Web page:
An Empath Guide: How To Be Understanding Without Absorbing People’s Emotions
You are a good and kind person. And people love you.
They come to you to share their difficult times because your understanding and kindness soothe their pain. Because that’s all they need.
You know that. You are willing to offer it. But there is only one problem.
You get lost in their emotions.
You are kind and sensitive, you let their emotions overwhelm you. You are grateful and thankful for your life, but after listening to them, you get upset, resentful and heart-broken, when nothing’s wrong with your own life.
You let their negative energy impact you.
You know that’s bad. And you want to set boundaries to protect your inner self. But how do you do that without being selfish, mean and heartless toward people who need you?
Realize being there for them doesn’t mean you have the responsibility to fix their problems
When people approach you and share their pains with you, you inherently want to do everything you can to make them feel better. You want to take their pain away, to fix their problems and rush them to get better.
But sometimes that’s not what they need. They just simply need someone to support them. And you only need to listen to them, not fixing them.
One way you can be there for them is to practice listening and release the need of saying something in return.
This can be hard. It is hard to let go the need for control and allow people to live their lives themselves. Even if you are dying to give them a piece of advice, bite your tongue and tighten your lips.
Then, what can you do?
You don’t do anything unless they ask you for more. You can offer them loving and constructive suggestions. But don’t take it personally if they don’t follow those. At the end of the day, it’s their lesson, it’s their life. And you need to practice to let go of the outcome.
You are responsible for yourself and your emotions
You cannot control other people. You cannot live their lives for them. You cannot make them do things the way you see fit. And you cannot control who suffers and who doesn’t.
You need to let go the burden you put on your shoulders, the burden where you feel like you are responsible for other people’s happiness.
You are only responsible for yourself, for your emotions. You have to safeguard your inner self from getting hurt or overwhelmed by other people.
Never give others things out of obligation or fear. Give them things out of love only when you are safe, secured. Because when you aren’t, giving doesn’t do any good to anyone.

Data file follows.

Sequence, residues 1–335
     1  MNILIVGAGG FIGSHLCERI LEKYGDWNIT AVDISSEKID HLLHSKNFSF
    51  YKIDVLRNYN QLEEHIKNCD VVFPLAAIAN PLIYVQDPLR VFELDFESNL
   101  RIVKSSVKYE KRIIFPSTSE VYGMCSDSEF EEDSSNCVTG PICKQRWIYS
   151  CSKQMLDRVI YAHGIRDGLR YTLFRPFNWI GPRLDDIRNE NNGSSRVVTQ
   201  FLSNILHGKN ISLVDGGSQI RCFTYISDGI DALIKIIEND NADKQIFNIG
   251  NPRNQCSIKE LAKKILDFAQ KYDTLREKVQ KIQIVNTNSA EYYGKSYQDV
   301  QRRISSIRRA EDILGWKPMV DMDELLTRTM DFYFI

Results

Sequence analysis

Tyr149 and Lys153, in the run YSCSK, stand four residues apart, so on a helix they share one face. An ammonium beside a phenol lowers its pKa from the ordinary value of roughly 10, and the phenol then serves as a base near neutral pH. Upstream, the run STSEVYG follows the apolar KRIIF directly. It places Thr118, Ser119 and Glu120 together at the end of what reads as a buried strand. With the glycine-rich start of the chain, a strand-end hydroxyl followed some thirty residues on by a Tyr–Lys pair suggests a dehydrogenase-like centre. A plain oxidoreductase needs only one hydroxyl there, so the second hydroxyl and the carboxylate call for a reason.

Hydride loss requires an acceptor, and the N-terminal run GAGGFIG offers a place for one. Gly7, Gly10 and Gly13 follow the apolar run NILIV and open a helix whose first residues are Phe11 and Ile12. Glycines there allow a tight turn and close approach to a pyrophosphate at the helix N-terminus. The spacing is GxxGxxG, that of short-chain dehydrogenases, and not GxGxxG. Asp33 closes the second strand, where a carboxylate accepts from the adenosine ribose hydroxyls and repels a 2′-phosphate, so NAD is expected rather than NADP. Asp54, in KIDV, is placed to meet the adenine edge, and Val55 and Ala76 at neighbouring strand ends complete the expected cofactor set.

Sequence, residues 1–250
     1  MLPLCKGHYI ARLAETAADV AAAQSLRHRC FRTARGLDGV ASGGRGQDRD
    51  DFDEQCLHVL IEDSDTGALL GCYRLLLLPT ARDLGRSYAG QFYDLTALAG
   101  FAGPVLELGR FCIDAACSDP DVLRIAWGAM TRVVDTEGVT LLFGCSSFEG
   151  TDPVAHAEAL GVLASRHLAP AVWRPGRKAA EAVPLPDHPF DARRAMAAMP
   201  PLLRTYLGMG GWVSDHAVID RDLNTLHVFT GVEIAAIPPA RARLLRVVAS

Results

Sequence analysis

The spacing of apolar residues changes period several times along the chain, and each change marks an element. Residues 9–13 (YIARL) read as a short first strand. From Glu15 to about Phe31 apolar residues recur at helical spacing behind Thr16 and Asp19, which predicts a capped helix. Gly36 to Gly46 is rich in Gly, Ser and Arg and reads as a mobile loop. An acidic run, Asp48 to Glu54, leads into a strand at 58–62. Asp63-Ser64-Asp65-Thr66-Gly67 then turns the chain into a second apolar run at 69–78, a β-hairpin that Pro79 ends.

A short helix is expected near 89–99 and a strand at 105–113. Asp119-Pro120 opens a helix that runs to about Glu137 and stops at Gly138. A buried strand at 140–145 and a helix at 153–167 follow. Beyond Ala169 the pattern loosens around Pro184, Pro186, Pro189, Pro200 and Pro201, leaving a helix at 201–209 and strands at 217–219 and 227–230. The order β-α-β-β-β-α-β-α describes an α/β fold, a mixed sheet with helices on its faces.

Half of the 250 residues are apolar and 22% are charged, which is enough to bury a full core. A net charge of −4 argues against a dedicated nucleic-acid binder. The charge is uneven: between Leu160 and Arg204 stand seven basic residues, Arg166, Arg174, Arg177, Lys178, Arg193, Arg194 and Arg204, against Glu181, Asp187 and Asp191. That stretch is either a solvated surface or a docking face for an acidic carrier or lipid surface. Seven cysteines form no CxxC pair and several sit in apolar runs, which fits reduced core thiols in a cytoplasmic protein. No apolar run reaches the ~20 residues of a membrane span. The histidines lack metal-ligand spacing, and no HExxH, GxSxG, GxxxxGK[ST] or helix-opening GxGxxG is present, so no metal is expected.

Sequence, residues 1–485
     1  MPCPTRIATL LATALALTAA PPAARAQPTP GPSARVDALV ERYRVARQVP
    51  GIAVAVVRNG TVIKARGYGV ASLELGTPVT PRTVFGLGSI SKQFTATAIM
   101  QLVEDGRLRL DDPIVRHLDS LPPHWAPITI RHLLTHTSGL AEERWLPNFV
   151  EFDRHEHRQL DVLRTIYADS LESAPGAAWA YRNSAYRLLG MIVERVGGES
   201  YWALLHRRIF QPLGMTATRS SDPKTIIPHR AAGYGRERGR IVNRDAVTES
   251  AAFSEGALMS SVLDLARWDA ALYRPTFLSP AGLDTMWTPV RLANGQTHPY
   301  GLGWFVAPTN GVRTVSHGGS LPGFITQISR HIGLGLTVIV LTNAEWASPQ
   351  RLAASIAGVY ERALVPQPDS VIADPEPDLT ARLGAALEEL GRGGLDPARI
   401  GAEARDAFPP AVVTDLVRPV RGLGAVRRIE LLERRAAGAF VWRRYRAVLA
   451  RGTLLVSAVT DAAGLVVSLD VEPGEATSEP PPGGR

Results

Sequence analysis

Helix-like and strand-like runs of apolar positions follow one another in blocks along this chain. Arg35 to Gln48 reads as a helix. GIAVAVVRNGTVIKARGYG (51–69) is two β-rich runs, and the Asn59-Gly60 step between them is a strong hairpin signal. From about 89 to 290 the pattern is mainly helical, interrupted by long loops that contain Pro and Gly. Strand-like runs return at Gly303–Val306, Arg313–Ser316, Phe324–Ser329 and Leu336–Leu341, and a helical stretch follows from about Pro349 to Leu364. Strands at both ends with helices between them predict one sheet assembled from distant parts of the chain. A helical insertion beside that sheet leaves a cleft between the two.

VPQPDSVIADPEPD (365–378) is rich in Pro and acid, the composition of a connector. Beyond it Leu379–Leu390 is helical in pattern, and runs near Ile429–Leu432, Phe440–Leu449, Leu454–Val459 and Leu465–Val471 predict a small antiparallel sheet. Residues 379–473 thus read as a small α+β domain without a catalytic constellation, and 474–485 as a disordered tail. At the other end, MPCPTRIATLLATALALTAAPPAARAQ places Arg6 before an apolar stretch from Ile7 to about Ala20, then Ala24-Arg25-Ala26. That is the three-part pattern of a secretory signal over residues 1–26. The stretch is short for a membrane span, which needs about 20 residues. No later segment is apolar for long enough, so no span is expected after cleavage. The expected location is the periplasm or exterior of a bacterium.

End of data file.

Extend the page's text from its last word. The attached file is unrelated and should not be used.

Be honest and express your boundaries
As a part of your duty to protect yourself first, be honest and set boundaries for people. If some people constantly come to you to complain how terrible their lives are, and you feel that their expressions negatively impact you, you need to step back and set boundaries.
Assess your relationship. You don’t have the obligation to stick with toxic people.
But if you must stay with them, limit the negativity that they give you. Set a time limit or cut them off politely. Don’t stretch your boundaries too much.
Get to know your feelings and slide back to passenger’s seat
It is hard not to absorb people’s impact on you. Especially when you offer care and understanding. You might not even recognize their negative effect on you, simply because the effect is still within your limit.
Always assess your feelings after dealing with negative people. Acknowledge how those people impact you. And slide back to passenger’s seat.
Realize that those feelings are theirs, not yours. You have no obligation to feel awful about their situation. Because you have no control over their lives.
But you have control over your emotions.
Take a passenger’s seat and see how people’s pain affect you. Accept that you have no control or duty to fix their pain and let go.
You are not selfish if you stop taking on people’s pain
It can be very difficult to separate yourself from other people, to let go our need to take away their pains. But you are not selfish by doing so.
Indeed, you are giving them more space to understand their situation, acknowledge their feelings, learn their lessons and live their own lives. If you try to protect them and make their problems yours, they will be resentful of your controlling behavior. But when you stop, they will fall because they are never alone dealing with anything.
Allow them to be who they are, accept who they become and let go your burden.
If you want to be a good friend, first be a best friend to yourself.
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